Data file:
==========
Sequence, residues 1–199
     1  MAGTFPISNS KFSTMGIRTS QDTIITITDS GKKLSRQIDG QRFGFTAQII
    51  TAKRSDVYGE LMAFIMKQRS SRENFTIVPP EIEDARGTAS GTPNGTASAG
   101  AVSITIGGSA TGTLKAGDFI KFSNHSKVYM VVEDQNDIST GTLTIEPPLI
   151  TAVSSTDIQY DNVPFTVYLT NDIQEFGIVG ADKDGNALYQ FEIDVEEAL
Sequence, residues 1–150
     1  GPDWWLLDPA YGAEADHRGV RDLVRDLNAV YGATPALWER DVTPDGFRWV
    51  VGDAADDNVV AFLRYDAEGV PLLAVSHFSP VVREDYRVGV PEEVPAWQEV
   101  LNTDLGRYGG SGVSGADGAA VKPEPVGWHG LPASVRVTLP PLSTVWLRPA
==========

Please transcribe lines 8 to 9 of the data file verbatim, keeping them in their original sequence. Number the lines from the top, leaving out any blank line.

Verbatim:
    51  VGDAADDNVV AFLRYDAEGV PLLAVSHFSP VVREDYRVGV PEEVPAWQEV
   101  LNTDLGRYGG SGVSGADGAA VKPEPVGWHG LPASVRVTLP PLSTVWLRPA